Emily B. Myers

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This study explored the neural systems underlying the perception of phonetic category structure by investigating the perception of a voice onset time (VOT) continuum in a phonetic categorization task. Stimuli consisted of five synthetic speech stimuli which ranged in VOT from 0 msec ([da]) to 40 msec ([ta]). Results from 12 subjects showed that the neural(More)
This study explored the neural correlates of phonological-lexical competition and frequency on word recognition. An event-related fMRI experiment was conducted using an auditory lexical decision task in which word and nonword stimuli varied in terms of neighborhood density (high and low). Word stimuli also varied in terms of frequency (high and low).(More)
We study the impact of providing school and child test scores on subsequent test scores, prices, and enrollment in markets with multiple public and private providers. A randomly selected half of our sample villages (markets) received report cards. This increased test scores by 0.11 standard deviations, decreased private school fees by 17 percent and(More)
The problem of mapping differing sensory stimuli onto a common category is fundamental to human cognition. Listeners perceive stable phonetic categories despite many sources of acoustic variability. What are the neural mechanisms that underlie this perceptual stability? In this functional magnetic resonance imaging study, a short-interval habituation(More)
The current study investigated the neural correlates that underlie the processing of ambiguous words and the potential effects of semantic competition on that processing. Participants performed speeded lexical decisions on semantically related and unrelated prime-target pairs presented in the auditory modality. The primes were either ambiguous words (e.g.,(More)
The current study used fMRI to explore the extent to which neural activation patterns in the processing of speech are driven by the quality of a speech sound as a member of its phonetic category, that is, its category typicality, or by the competition inherent in resolving the category membership of stimuli which are similar to other possible speech sounds.(More)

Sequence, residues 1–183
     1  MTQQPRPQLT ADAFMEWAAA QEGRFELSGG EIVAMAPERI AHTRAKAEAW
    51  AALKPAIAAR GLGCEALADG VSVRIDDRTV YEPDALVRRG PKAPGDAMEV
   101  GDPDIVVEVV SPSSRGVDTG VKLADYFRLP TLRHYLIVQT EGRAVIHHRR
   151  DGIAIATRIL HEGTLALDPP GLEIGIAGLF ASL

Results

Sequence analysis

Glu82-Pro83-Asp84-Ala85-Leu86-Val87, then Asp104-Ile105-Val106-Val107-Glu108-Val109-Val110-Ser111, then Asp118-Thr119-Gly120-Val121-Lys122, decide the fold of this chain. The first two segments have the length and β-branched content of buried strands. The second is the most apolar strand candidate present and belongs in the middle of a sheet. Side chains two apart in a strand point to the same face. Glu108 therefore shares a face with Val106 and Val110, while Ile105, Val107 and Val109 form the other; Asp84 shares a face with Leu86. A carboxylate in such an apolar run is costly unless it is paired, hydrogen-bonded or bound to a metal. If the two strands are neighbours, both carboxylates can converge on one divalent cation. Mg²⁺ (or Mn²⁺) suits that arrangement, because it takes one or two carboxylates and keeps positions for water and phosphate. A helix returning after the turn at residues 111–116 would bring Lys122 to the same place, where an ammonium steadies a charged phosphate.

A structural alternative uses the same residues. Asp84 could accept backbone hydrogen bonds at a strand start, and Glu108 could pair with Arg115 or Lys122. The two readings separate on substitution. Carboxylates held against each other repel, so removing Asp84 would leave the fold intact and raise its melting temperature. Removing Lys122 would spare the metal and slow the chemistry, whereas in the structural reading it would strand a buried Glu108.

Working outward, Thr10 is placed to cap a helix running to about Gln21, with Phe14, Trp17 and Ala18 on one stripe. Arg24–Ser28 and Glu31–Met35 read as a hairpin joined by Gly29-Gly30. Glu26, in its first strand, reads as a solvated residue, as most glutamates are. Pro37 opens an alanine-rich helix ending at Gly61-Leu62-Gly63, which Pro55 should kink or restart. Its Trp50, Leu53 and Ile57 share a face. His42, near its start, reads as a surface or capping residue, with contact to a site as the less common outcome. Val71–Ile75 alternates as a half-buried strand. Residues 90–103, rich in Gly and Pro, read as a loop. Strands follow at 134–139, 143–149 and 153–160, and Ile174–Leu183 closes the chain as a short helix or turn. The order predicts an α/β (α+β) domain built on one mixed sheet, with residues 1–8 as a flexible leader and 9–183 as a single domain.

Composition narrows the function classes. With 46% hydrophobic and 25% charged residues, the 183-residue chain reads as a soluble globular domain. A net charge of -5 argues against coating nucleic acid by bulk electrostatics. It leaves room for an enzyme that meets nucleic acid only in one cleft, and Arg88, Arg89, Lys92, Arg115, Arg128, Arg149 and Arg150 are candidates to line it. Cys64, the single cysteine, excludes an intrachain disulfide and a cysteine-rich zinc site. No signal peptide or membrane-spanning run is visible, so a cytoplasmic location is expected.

Infants begin to segment words from fluent speech during the same time period that they learn phonetic categories. Segmented words can provide a potentially useful cue for phonetic learning, yet accounts of phonetic category acquisition typically ignore the contexts in which sounds appear. We present two experiments to show that, contrary to the assumption(More)
The current study examined the neural systems underlying lexically conditioned phonetic variation in spoken word production. Participants were asked to read aloud singly presented words, which either had a voiced minimal pair (MP) neighbor (e.g., cape) or lacked a minimal pair (NMP) neighbor (e.g., cake). The voiced neighbor never appeared in the stimulus(More)
The lexical effect is a phenomenon whereby lexical information influences the perception of the phonetic category boundary for stimuli from word-nonword continua. At issue is whether this effect is due to "top-down" influence of upper levels of processing on perceptual processing, or instead is due to decision-stage processes. In this study, brain activity(More)
Categorical perception, an increased sensitivity to between- compared with within-category contrasts, is a stable property of native speech perception that emerges as language matures. Although recent research suggests that categorical responses to speech sounds can be found in left prefrontal as well as temporo-parietal areas, it is unclear how the neural(More)